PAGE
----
Attributes may be located in the header, e.g. like the subject attribute, and/or in the body of the Invite or any following message.

In further embodiments such additional information may also be transported via other appropriate methods, such as the SIP INFO method (RFC2976) as shown exemplary in FIG. 4b or the MESSAGE method (RFC3428) as shown exemplary in FIG. 4c.

The SIP proxy in turn will recognize the test-call and once the SIP proxy has received the additional information on the nature of the test call, i.e. which resources to use and/or which information to provide, the SIP proxy instructs the usage of resources and the provisioning of information of the appropriate resources, e.g. within Multimedia-Gateways (M-MGw), via appropriate signaling, e.g. GCP.

Information provided by the appropriate Multimedia-Gateways (M-MGw) will than in turn be reported to the SIP Proxy again via appropriate signaling, e.g. GCP.

Than, the Information will be provided via SIP signaling towards the test-phone. For example, the information may be transported via methods, such as the SIP INFO method (RFC2976) or the MESSAGE method (RFC3428).

In the meantime a corresponding media gateway control function (MGCF) of the SIP proxy/Server may translate some of the data provided in the invite message into corresponding ISUP/BICC signaling.

This message may contain additional information indicating that the call to be set-up is a test call. Furthermore, other information, e.g. specific resources to be used, may be included as well.

In further embodiments such information may also be transported via other methods, such as the SIP INFO method (RFC2976) or the MESSAGE method (RFC3428).

Apparently, the way the information is transported may vary. However, it is preferred to have the information transported according to SIP signaling.

Such information may be translated by an enhanced media gateway control function (MGCF) into corresponding BICC messages and vice versa. For example, information provided to the test phone may encompass used resources, protocol traces, error codes, dumps, etc . . . .

Once the called party is reached an OK 200 to the Invite message is sent towards the test phone, which in turn acknowledges the receipt of the message with an ACK message.

Than, one or more corresponding payload connection(s), e.g. an RTP/UDP connection, is/are established.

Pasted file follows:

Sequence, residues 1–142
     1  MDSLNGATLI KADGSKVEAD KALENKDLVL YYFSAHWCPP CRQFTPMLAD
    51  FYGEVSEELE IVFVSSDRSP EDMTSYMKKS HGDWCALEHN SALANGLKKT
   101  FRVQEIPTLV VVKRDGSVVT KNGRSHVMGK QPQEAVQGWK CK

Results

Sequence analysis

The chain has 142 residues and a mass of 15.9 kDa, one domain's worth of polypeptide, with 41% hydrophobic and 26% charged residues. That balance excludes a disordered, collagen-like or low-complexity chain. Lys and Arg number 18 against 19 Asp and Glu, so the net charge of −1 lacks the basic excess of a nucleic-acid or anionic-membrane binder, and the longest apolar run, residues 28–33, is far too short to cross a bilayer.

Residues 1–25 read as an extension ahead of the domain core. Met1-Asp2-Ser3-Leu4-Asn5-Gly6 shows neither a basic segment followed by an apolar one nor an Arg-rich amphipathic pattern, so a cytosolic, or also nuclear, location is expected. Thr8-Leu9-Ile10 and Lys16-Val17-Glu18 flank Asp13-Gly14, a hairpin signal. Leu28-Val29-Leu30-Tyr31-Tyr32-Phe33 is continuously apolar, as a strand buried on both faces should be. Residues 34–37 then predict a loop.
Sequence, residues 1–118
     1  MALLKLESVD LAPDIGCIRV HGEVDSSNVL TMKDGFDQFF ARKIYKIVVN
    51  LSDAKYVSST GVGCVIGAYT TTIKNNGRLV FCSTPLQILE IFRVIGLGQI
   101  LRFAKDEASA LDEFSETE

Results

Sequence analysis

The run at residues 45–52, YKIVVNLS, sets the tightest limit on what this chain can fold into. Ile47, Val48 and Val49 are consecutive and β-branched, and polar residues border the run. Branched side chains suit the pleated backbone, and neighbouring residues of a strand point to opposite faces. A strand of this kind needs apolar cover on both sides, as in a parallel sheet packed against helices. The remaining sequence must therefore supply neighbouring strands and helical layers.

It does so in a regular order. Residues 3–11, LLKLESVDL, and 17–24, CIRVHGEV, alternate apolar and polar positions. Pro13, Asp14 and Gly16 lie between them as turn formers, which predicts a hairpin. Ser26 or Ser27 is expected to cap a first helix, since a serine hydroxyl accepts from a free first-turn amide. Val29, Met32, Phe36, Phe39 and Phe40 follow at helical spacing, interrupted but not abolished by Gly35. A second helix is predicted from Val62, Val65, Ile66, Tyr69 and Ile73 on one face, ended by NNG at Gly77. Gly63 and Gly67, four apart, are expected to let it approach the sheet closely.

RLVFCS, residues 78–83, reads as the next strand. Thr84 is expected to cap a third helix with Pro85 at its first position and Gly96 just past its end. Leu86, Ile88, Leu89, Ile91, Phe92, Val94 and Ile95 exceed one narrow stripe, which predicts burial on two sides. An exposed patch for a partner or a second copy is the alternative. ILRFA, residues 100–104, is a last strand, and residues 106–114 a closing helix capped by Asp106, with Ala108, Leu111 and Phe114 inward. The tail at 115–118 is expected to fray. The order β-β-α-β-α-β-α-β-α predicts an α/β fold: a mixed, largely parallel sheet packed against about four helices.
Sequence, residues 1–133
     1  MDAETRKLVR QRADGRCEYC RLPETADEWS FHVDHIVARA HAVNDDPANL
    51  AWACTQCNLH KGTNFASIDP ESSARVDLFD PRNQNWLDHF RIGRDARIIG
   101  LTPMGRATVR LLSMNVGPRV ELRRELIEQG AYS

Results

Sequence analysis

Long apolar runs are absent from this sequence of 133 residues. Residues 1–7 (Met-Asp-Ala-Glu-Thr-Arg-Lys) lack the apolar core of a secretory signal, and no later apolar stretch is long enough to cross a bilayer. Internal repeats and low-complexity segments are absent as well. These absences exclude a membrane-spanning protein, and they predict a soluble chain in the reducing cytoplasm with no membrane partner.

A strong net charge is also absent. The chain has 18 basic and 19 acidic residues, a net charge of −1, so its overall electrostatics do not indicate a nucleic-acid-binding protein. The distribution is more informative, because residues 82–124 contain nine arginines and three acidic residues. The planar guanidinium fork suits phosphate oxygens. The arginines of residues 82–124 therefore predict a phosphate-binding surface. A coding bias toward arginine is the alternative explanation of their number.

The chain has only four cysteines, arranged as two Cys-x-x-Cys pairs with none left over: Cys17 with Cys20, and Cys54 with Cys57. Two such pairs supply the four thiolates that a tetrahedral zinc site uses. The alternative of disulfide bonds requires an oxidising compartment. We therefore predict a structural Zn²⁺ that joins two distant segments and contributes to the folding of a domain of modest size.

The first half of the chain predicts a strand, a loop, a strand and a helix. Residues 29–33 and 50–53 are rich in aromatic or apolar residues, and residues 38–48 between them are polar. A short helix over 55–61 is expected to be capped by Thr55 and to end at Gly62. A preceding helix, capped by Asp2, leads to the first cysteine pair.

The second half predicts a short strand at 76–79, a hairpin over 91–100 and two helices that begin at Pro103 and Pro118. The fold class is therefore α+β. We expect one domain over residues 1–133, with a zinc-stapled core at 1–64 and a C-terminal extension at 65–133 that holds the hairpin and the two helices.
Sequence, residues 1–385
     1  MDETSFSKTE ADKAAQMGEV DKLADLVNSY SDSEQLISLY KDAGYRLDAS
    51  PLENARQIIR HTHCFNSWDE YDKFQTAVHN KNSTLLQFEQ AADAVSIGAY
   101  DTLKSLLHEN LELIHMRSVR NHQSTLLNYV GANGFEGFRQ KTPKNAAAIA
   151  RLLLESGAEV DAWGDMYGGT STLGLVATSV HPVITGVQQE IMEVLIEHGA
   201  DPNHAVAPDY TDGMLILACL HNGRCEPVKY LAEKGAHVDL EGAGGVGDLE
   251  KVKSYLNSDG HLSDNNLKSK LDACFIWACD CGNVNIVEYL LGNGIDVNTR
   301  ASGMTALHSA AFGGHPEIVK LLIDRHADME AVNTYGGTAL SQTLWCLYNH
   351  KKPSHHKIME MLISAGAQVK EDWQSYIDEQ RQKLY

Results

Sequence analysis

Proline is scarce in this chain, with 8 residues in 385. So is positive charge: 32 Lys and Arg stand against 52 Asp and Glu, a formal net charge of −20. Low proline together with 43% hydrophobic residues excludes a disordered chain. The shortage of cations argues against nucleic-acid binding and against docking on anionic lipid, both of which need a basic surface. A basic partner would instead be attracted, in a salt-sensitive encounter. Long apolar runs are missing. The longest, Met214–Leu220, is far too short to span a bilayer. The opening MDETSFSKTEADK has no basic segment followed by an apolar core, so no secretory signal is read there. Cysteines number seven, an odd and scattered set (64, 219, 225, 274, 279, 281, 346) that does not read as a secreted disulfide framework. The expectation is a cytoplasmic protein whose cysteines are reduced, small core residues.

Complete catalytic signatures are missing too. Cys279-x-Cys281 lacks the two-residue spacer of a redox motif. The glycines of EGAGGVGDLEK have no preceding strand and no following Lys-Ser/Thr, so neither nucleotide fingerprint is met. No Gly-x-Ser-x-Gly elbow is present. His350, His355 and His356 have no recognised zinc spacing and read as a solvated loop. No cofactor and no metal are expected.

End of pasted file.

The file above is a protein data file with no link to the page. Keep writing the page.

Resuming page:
In the meantime, reported Information provided by the appropriate Multimedia-Gateways (M-MGw) will be reported by the SIP Proxy towards the SIP test phone and/or may be stored for further processing.

Again, such reported Information may be transported towards the SIP test phone by the methods, such as the SIP INFO method (RFC2976) or the MESSAGE method (RFC3428) as described above.

If information is to be stored, such information can be easily distinguished by means of a unique identifier, such as the Call-Id. Furthermore, the information may include a time stamp.

Once the test-call is to be finished, either the test phone (not shown) or the called party (as shown) may send a

    • BYE message,
  • which is turn acknowledged by a
    • 200 OK message.

Obviously, also when no connection can be established the resources will report information as instructed backwards to the SIP Proxy.

Again, such information may be transported by the methods, such as the SIP INFO method (RFC2976) or the MESSAGE method (RFC3428) as described above.

In order to prevent misuse of the features provided by test-phone functionality as shown above, the procedures may be subject to authorization procedures.

As a further embodiment, the sip phone may be a soft-phone, i.e. implemented in a computerized device such as a desktop computer, a laptop computer or any comparable device.

Furthermore, the functionality of an instrument-box as explained above may be implemented in the test-phone either in software or in hardware.

For example, DTMF tones may be transported via the INFO method. Such DTMF signaling may be used as explained above to transport additional information, i.e. information on the nature of the test call, i.e. which resources to use and/or which information to provide.

As already indicated it is also possible to let a test phone using SIP instruct an SIP application server. In doing so, it is possible to let automatic test cases being executed by the SIP application servers.

In doing so, functionality of a test phone using SIP is shifted to the application server. Thereby a simple, standard SIP phone can be used and the specialized processing relating to test calls in a SIP environment is handled by the application server.

Furthermore, some of the functionality of the Multimedia-Gateways is shifted to the application server as well. The application server is able to handle different types and revisions of MSS nodes without the need to update the MSS nodes.

Furthermore, this solution also provides for an improved way of authorizing and authentication of users. A SIP application server for example typically has access to confidential parts of the network acting as a filter and firewall. SIP phones can request test calls to the application server. Depending on the user, location, type of test call requested, time of the day, addressed resource, etc. the application server may or may not grant and execute the request after consulting security mechanisms within and outside the SIP domain.

The application server can be part of a bigger application, securing that a SIP initiated test call is tied to a bigger work flow not available in the SIP domain, like gathering network performance statistics including QoS metrics, as well as scheduling maintenance staff and hardware replacement.

Such an application server may be instructed after a SIP session is successfully established by sending appropriate SIP-INFO message(s).

The results from the tests are send back via SIP-INFO messages.

The test phone will instruct the SIP application server. In this case the test phone using SIP could instruct an SIP application server to perform tests remotely, on request or even in a scheduled way. The results can either be stored and/or provided back to the instructing test phone or any other interested party.